The Advisor – Review and Interview

Humanity shines through

By Wayne McCallum

April 24, 2015


[To read the interview on The Advisor’s website, click here.]


“Cambodians who lived through this period refer to it in different ways… one such phrase is neuv pel porpok thlak pi leu mek, or ‘the time when the clouds fell from the sky.’”

Several recent books have tackled the most vexing questions – the how, what and why – of Cambodia’s Khmer Rouge past. They include Rithy Panh’s The Elimination and Thierry Cruvellier’s The Master of Confessions. Robert Carmichael’s When Clouds Fell From The Sky is the latest effort and could well be the best of the crop.

At the centre of Clouds is the fate of Ouk Ket, a Cambodian diplomat who in 1977 received instructions from his Khmer Rouge masters to return home for “re-education.” Like other returnees, Ket came back to Cambodia optimistic about the future, leaving behind a wife and two children who, it was planned, would join him soon after. But then, after a final postcard, nothing. Ket simply disappeared.

From this beginning Clouds divides much of its story between the efforts to uncover the truth around Ket’s fate and the events surrounding the trial of the man who approved his eventual execution: Comrade Duch, the commander of S-21. To frame his story, Carmichael uses the experiences of those affected by these events, including Martine and Neary, Ket’s wife and daughter. Inevitably, the story features numerous twists, turns and personalities, which climax around the verdict and sentencing of Duch.

Carmichael draws on an impressive range of sources and interviews in Clouds, leaving few stones unturned as he weaves together events of the past, with the efforts by its victims to reconcile with its legacy. Yet, sometimes it is the little things the author notes that are the most intriguing. This includes the way that Duch would pour and drink a glass of water while seated during his trial. Meticulous and exact, Carmichael speculates about the events that led Duch to develop such precise behaviour, while wondering what it tells us about the man who so diligently recorded the fate of S-21’s victims in its infamous photographs and files.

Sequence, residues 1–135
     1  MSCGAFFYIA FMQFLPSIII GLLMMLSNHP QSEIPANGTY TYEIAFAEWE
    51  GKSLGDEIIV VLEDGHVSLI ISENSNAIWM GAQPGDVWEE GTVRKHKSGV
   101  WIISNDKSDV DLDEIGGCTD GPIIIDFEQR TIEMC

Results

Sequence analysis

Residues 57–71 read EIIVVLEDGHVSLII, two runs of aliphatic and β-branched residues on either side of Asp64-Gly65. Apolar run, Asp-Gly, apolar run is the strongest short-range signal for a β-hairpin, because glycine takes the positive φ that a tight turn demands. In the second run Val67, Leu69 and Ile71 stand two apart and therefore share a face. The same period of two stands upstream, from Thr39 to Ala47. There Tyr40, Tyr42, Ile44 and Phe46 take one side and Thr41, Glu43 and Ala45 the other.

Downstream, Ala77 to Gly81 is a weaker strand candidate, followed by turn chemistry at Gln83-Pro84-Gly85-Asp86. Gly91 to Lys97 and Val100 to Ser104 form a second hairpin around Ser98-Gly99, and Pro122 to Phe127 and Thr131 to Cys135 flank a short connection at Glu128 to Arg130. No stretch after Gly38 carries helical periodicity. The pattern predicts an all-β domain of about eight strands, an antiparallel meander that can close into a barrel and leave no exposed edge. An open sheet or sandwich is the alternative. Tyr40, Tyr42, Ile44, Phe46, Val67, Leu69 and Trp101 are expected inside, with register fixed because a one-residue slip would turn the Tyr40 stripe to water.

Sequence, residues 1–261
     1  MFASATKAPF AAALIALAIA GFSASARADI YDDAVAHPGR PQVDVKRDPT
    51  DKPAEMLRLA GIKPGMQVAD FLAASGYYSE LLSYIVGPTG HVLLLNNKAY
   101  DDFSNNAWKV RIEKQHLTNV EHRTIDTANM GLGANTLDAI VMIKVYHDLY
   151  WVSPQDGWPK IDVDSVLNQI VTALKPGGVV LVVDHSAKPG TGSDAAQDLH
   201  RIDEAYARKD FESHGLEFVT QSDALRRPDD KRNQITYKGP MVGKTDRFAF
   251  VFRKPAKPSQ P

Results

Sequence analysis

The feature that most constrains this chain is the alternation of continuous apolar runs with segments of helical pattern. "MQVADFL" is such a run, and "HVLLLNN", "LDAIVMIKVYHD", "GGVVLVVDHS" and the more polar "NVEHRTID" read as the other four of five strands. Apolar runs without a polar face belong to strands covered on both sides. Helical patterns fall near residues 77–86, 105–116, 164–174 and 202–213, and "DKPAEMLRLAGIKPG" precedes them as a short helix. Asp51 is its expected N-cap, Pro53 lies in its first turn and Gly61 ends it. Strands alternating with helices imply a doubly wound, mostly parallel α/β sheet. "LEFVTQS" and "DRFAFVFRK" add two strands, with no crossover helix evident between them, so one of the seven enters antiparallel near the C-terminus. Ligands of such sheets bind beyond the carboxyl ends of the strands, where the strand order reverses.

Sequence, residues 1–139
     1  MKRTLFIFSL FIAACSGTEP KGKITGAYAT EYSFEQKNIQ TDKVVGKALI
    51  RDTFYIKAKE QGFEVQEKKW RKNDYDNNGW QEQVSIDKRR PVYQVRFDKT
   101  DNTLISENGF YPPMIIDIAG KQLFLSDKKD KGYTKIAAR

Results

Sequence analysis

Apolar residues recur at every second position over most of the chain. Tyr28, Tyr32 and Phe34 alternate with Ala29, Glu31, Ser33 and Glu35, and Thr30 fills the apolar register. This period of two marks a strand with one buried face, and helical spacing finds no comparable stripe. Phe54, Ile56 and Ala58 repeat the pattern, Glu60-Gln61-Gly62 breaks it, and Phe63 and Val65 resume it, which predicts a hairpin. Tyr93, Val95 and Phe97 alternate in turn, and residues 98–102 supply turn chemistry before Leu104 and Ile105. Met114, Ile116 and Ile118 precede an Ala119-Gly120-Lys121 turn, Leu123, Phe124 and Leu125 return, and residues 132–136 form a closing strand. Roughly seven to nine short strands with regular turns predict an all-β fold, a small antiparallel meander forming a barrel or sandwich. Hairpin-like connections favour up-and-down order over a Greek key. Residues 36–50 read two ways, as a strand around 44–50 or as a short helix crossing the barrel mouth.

Above all, Clouds reminds us of the positive strengths of Khmer character – dignity, reverence, defiance – and, tellingly, the capacity of people to do evil. Yet beyond this, turning the final page, it is the light of Ket’s memory carried by friends and loved ones that reminds us that respect and love can surpass evil. Affirming this could be Carmichael’s greatest triumph and the nugget of hope that lies at the centre of his tale of tragedy and reconciliation.

5 out of 5



What is the history of Clouds? When did the idea come to write it and why did you choose to tell the story through the story of Ket?

RC: I decided on it in 2010 and wrote the first draft over eight months in 2011. That was preceded and followed by lots of research and interviews and, of course, rewriting. All told, it took a little under two years. The story of Ket’s disappearance – and the impact that had on Martine and Neary, both of whom are French – is a powerful one and mirrors the experience of millions of Cambodians.


Parts of Clouds, especially Duch’s trial, are reminiscent in form and story of Thierry Cruvellier’s recent book The Master of Confessions. Interestingly, you do not cite this work among your numerous references. Was this simply a matter of timing or is there another reason?

RC: Nothing more than timing. My book was completed by the time Thierry’s was published in English.


There are some excellent images in Clouds that add to the story, but two prominent photographs referred to in the book do not feature: the one taken of Chan Youran in the Geneva park and Ket’s (suspected) S-21 photo. They seem to be key images, so what was the rationale for their exclusion?

RC: The Chan Youran photo isn’t potent (though the story behind it is) so I discarded it. As for the other: both Martine and Neary believe the image shown at trial is Ket but – and this is a very sensitive subject, of course – I’m not convinced, so I omitted it. That said, there’s no doubt Ket was held at S-21 and was later executed – the prison records prove that. Many prisoners’ photographs have disappeared since 1979.


Having completed Clouds, what for you were the biggest lessons learned about Cambodia’s Khmer Rouge legacy?

RC: That as political systems become less accountable, the dangers for their citizens increase rapidly. In Cambodia’s case, the leadership’s paranoia, brutality, incompetence and their utter negation of the worth of the individual were embedded into a system of zero accountability. It doesn’t get more dangerous than that.


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